PMO Critical Success Factors: 6 Alignment Dimensions #PPM
I just read what I found to be an amusing reference from a recent survey on PMO effectiveness conducted jointly by CIO.com and the Project Management Institute. The survey concluded that the longer a project management office (PMO) is in existence, the greater the results. The reference went on to report that of those surveyed, only 37 percent of companies who had a PMO in place for under a year encountered increased success rates of any kind. Conversely, those companies with a PMO in existence for over four years experienced a 65 percent increase in success rates.
Excuse me, but isn't this a little like saying that a baseball pitcher who is still in the game in the 7th inning has a better chance of winning than one who hasn't finished the first inning yet? Or if you prefer, it's like saying that anything with a track record of survival has a better chance of surviving than anything that has no track record. Let's not try to read some kind of magical ah hah! moment into this data. PMOs that thrive and prosper share some fundamental commonalities that are as important in year one as they are in year seven. In fact, if you don't get these things right in year one, you will be out of business. You don't have time to improve with age like a fine wine.
I will refer to these commonalities as dimensions of alignment. That is, PMOs must be aligned with the organization along the following dimensions:
1. Power Base Alignment
PMOs must have the authority and empowerment that results from support and alignment with key business and IT leadership. Success or failure may be pre-determined by your host organization. You can do everything right but be doomed to failure if you don't have the right level of sponsorship from the start.
2. Corporate Strategy and Objectives Alignment
With the right power base alignment with corporate strategies and priorities should happen naturally (i.e., you won't find yourself strategically placed from an organizational reporting perspective if somebody important didn't see the PMO as an important in cog in the companies strategy execution wheel). This typically implies having a business-driven, top-down view of your objectives as part of your PMO's organizational DNA. It usually means that you are not project-centric but are strategic initiative-, program-, product- or process-centric.
3. Business Metric Alignment
This falls naturally out of alignment with the corporate strategy and objectives. PMO metrics should support business and IT leadership which are increasingly "customer-oriented." As a result, metrics should evolve from traditional project-centric scorecards (e.g., on-time, on-budget) to include contribution to product ROI or time-to-market, increases in customer satisfaction through higher quality deliverables, etc. There is no such thing as an "IT project" any more so IT project metrics like cost by itself will not resonate with the C-suite.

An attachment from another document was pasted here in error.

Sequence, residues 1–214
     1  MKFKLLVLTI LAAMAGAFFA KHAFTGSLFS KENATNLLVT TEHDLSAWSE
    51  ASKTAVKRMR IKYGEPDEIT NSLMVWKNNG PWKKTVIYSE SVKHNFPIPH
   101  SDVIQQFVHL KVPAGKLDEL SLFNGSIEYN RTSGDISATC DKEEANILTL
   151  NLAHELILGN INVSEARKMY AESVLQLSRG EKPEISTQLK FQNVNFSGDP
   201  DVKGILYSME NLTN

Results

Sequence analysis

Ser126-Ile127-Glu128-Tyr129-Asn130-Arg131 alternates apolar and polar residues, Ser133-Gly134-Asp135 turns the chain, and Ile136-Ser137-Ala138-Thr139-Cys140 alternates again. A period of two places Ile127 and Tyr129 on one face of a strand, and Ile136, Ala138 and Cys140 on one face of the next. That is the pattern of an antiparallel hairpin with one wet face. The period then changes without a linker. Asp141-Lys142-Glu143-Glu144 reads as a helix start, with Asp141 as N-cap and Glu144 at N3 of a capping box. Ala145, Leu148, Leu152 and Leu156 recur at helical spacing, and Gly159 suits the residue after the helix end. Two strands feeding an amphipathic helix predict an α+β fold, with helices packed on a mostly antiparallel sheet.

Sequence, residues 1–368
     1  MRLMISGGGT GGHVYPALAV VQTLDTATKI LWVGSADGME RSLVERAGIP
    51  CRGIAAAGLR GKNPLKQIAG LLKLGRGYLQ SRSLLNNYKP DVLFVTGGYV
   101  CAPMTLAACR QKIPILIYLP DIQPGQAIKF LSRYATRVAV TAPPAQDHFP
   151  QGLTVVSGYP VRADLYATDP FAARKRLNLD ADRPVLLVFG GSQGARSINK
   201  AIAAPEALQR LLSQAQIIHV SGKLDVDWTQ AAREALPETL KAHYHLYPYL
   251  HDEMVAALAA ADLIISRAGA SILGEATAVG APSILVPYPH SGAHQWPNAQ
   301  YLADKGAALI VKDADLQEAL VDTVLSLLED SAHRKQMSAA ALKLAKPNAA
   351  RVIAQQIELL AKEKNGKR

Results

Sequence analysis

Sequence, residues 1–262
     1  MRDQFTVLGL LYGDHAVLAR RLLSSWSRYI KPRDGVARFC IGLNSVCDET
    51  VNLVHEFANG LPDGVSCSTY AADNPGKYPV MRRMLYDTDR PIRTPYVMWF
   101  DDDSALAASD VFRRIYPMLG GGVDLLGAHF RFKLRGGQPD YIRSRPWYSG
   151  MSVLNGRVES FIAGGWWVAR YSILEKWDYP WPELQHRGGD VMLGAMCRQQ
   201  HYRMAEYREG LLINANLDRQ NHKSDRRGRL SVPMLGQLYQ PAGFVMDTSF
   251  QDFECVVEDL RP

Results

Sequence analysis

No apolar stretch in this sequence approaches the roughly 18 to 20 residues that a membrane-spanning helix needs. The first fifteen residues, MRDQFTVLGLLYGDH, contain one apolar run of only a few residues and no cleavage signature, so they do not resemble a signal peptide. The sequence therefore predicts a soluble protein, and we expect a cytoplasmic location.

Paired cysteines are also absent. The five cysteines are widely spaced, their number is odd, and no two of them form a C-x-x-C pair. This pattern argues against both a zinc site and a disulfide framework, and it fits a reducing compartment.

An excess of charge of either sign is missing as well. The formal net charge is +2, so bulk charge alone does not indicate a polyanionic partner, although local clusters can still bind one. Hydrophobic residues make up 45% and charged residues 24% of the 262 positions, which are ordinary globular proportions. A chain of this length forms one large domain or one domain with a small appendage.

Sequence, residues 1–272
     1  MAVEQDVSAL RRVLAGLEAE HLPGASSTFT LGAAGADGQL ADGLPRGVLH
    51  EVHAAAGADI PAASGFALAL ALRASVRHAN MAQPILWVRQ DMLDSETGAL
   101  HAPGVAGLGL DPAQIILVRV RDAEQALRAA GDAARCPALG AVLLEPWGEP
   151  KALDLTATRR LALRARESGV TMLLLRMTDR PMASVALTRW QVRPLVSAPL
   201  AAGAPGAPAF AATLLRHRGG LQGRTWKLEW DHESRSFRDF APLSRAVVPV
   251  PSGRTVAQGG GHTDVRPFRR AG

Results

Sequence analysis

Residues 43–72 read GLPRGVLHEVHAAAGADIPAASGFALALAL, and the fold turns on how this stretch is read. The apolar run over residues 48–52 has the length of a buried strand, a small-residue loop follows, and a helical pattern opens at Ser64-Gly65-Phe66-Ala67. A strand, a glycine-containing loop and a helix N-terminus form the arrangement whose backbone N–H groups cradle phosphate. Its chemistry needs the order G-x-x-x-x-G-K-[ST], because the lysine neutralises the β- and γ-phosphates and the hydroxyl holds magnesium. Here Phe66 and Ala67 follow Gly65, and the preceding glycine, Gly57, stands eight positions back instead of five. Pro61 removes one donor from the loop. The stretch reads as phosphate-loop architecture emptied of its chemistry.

4. Customer Alignment
Alignment with leadership and sponsors may be a pre-requisite, but if you don't win the hearts and minds of the PMs and project team members on the ground starting in year one, you may never generate the momentum needed to survive year one. Understanding how to deliver value and service offerings that make PMs successful and coming back for more is critical.
5 Maturity Level Alignment
This may be inextricably intertwined with customer alignment, but it's important to highlight the importance of creating a PMO service offering and portfolio that the organization is ready to consume given its current level of process maturity. It's important to have a vision for a more sophisticated and complete PMO, but let the organization crawl before you ask it to walk.
6. Culture Alignment
This consideration should feel a lot like maturity level alignment. However, the difference is that maturity levels are a lot more dynamic than culture which is the enduring organizational beliefs, values and attitudes which by definition evolve more slowly. And, of course, culture transcends organizational boundaries where the maturity level referenced above refers only to the PPM process stakeholders. The culture of many organizations is heavily driven or influenced by the organizational structure and leadership style. For example, is the organization characterized by a hierarchical organizational structure and a top-down command-and-control style management approach or is governance and authority more distributed/matrixed, collaborative and bottom-up? An authoritative command-and-control style PMO in a more collaborative "build-it-and-they-will-come-culture" may be like trying to fit a square peg in a round hole and vice versa. So, don't forget about cultural sensitivity when establishing and evolving your Enterprise PMO.